Year Institution Degree Discipline
1978 Loyola College BS Biology
1982 Vanderbilt University School of Medicine MS Pharmacology
1989 Johns Hopkins University School of Medicine PhD Neuroscience

Professional Experience

Washington University School of Medicine

1992 to 1996
Postdoctorate, Neuroscience, with Dr. David C. Van Essen

Johns Hopkins University

1996 to 2003
Assistant Professor
2003 to 2005
Associate Professor, Department of Psychological and Brain Sciences

Johns Hopkins University School of Medicine

2003 to 2005
Associate Professor, Department of Neuroscience

Honors

Year(s) Award
1998 to 2002

Pew Scholar in the Biomedical Sciences

Table of Contents

Childhood, Family as an Adult, and Early Education
1

Growing up in Baltimore, Maryland. Family background. Parents. Sister. Marriages. Son. Religion. Childhood experiences. Interests as a boy and young man. Early schooling. Interest in reading. Influential teachers. First biology class in junior high school. Extracurricular activities. Parental expectations.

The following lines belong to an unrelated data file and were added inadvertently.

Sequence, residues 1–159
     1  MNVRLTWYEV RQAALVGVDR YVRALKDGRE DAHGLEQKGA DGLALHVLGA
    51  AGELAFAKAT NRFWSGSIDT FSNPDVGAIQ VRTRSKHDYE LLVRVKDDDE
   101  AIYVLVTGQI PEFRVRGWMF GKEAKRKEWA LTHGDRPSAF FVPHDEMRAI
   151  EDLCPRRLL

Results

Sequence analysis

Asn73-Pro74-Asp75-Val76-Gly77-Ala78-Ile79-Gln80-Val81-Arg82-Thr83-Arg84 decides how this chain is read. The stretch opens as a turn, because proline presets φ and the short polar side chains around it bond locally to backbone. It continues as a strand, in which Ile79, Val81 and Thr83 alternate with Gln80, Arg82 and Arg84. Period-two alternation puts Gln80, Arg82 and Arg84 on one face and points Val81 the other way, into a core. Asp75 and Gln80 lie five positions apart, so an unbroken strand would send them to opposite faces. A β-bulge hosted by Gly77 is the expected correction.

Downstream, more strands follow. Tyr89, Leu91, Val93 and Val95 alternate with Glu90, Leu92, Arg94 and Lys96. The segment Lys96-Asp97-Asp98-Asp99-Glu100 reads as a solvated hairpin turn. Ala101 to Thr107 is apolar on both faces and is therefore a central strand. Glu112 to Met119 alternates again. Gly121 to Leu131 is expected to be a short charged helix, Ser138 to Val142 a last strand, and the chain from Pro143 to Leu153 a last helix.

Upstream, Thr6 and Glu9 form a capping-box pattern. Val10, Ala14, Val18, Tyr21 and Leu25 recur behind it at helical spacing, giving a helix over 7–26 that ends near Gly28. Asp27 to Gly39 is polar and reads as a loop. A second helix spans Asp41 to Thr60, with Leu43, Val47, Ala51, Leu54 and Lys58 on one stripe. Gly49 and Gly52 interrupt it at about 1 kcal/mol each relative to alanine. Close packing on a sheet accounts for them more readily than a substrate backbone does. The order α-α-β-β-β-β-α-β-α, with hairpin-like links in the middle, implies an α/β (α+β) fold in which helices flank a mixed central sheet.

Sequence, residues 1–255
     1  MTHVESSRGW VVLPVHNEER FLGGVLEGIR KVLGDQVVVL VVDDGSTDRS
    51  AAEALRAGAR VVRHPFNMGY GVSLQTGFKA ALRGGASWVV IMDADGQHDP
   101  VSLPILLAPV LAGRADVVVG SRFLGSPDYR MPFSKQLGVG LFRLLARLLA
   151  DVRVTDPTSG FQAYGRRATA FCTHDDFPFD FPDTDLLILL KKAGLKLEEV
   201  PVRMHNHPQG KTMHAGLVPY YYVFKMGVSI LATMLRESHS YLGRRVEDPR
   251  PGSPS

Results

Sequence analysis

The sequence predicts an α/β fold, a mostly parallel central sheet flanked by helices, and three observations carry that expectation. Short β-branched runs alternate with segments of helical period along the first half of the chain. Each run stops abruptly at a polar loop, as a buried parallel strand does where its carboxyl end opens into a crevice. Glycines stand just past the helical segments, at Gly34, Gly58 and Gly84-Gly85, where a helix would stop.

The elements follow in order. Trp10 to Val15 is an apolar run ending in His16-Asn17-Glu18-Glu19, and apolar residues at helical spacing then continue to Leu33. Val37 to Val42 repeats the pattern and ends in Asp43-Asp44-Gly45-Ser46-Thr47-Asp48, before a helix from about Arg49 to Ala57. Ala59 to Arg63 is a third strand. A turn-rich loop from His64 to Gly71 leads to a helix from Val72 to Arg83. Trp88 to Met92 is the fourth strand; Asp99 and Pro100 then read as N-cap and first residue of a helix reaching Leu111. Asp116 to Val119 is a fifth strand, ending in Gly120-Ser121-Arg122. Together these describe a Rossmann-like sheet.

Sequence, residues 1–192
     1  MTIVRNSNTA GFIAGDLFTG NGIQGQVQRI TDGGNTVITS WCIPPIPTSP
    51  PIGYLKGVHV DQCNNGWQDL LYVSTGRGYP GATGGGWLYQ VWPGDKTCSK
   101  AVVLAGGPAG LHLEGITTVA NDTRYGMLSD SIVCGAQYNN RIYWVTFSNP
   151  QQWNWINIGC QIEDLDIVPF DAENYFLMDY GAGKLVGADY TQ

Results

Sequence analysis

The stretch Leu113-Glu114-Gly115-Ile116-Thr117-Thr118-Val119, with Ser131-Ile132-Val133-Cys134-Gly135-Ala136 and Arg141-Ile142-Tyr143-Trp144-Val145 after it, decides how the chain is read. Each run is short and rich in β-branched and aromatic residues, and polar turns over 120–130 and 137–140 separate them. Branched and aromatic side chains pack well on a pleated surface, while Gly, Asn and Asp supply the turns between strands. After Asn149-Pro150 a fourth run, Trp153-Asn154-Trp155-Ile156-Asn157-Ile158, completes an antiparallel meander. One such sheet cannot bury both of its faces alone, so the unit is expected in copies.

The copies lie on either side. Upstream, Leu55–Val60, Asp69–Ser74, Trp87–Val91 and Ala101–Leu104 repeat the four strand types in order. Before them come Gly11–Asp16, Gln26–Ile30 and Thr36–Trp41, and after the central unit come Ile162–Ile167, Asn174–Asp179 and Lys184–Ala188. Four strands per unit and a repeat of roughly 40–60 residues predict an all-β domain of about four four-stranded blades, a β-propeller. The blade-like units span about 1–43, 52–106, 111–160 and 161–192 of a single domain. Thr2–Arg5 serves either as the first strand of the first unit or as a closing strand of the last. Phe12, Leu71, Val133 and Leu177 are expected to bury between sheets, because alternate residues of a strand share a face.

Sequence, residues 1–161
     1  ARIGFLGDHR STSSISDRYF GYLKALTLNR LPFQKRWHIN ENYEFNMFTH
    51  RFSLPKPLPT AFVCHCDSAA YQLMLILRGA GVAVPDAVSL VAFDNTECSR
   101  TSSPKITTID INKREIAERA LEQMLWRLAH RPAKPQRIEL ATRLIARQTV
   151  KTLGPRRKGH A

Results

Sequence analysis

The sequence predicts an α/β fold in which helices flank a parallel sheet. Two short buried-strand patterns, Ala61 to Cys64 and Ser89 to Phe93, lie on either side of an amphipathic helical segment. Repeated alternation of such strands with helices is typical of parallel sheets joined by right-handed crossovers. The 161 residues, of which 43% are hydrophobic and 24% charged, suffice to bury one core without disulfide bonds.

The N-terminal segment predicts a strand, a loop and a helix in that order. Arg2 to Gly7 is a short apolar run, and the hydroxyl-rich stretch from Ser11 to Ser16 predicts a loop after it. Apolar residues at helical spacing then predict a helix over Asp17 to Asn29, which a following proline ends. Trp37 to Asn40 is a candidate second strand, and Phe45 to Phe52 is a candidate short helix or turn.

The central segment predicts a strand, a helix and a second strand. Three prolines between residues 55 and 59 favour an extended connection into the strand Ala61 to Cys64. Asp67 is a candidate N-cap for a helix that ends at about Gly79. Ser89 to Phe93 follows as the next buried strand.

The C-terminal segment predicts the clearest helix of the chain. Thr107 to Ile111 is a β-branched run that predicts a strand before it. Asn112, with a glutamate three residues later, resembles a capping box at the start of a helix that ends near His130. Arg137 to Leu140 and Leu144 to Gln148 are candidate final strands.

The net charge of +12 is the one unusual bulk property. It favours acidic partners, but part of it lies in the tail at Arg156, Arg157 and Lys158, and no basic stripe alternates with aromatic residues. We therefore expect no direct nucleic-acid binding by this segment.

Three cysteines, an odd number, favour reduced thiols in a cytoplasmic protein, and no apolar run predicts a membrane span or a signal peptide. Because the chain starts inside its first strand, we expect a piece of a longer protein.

College, Law School, Graduate Study in Science, and Postdoctoral Work
23

Attends Loyola College in Baltimore, Maryland. Defining moment in aphilosophy course. College experiences. Master's degree in pharmacology from Vanderbilt University. Attends law school at the University of Maryland. Decision to pursue science rather than law. Enters the neuroscience graduate program at Johns Hopkins University. Works with Kenneth Johnson. Johnson's laboratory management style. Research project in neurophysiology on the neuralsignal for texture. Ethics of experimenting on primates. Typical day in graduate school. Neuroscience department at Johns Hopkins University. Postdoctoral fellowships at Johns Hopkins with Gian F. Poggi and Michael Steinmetz. Postdoctoral fellowship with David C. Van Essen at Washington University in St. Louis. Van Essen's laboratory management style.